“Jesus Christ is the same yesterday and today and forever.” – Hebrews 13:8 NIV
Have you ever wondered how you would have turned out if you had been raised in today’s world instead of the way the world was when you were a child? We are often reminded of how things have changed so quickly in our society. Our children today are facing a very confusing and complicated world. How wonderful it is, however, that there are some things that never change. God will never change. He is the anchor for our children. That is why it is imperative that we teach Scripture and God’s love to our children. That is the only way they can survive. As our grandson told his counselor at camp one summer, “God is really the only chance we have, isn’t He?”
God’s laws have not changed just as He has not changed. For instance, the commandment, “Remember the Sabbath and keep it Holy” is still a commandment. At one time there was a law in Missouri that all businesses would be closed on Sundays. If that law were in effect in Las Vegas, there possibly would not have been a concert on a Sunday evening. At one time, a person was practically disgraced to have a child out of wedlock. Adultery was scorned. Not now. It is common now. There are many other examples. This is the world our children are growing up in.
When we live outside the instructions set forth in the Bible, we cannot expect good results. Our children need to understand this fact. We have no time to waste in teaching God’s truths. Children grow up so quickly and face constant temptations before they are equipped to deal with them. It is our job, as parents, grandparents, teachers, and church workers, to equip them to deal with this constant bombardment of temptation.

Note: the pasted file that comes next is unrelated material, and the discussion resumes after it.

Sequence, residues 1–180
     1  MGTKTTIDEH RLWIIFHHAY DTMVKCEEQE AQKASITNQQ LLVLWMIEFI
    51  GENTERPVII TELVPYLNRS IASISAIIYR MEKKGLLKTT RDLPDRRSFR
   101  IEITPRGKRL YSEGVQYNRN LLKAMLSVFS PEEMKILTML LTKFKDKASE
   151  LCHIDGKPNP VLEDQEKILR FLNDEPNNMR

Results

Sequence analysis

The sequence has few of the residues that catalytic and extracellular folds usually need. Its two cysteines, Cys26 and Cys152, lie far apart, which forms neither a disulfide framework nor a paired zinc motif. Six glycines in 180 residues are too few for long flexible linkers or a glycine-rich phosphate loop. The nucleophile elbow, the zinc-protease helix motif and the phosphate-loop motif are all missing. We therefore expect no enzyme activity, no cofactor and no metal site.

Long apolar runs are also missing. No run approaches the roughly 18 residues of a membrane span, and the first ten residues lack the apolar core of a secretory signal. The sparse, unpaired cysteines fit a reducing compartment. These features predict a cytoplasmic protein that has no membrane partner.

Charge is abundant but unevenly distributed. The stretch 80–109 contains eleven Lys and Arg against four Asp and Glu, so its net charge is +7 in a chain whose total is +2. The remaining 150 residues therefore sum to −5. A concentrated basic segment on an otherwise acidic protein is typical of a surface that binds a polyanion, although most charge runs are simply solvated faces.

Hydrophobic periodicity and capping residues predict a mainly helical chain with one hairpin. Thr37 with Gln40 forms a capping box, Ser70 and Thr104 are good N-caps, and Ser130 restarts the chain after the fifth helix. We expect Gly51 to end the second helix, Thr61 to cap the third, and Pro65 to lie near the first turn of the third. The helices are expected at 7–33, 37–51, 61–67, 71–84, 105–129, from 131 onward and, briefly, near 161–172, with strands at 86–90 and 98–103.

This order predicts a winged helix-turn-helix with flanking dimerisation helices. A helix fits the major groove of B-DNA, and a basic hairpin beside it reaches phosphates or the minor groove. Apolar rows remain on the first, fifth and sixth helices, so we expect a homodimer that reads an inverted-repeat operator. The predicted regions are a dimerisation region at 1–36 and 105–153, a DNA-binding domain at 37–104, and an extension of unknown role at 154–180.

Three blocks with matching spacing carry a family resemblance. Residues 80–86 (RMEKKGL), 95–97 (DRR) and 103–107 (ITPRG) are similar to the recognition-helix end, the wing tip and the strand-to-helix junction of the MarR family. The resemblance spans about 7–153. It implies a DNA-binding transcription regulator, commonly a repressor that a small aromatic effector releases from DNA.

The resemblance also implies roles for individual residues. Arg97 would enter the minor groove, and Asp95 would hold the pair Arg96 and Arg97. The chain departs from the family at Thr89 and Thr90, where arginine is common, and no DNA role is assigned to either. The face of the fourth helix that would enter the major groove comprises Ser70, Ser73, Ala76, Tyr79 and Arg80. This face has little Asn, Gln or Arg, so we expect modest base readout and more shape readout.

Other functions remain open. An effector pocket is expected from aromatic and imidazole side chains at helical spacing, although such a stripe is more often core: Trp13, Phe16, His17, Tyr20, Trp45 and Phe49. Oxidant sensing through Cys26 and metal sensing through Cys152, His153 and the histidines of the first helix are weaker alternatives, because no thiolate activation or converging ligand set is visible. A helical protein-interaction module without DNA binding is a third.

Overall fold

Consider the number of angles from which children get advice. First, the parents give advice. If the parents separate, as is so often the case now, a new parent, boyfriend, or girlfriend, may come into the picture. There are sets of grandparents representing each person close to the child. Each of those have unique sets of values from which they draw to give instruction to the children. Teachers and church workers also give advice. In addition to all of this, TV, Internet, and friends are offering advice.
Is it any wonder that a child may be confused?
How can a church worker get the true advice to a child? Considering that the church worker may come in contact with a child one, two, or possibly a few more hours each week, their influence may be very small. We certainly cannot waste time! We need to help children memorize all the Scripture they possible can. We need to demonstrate real love to pattern God’s love. Bible stories that show God’s unchanging wisdom and love need to be instilled in children. Perhaps the song many of us sang as children should be used to teach the children, “Jesus Loves me, This I Know!” He always will!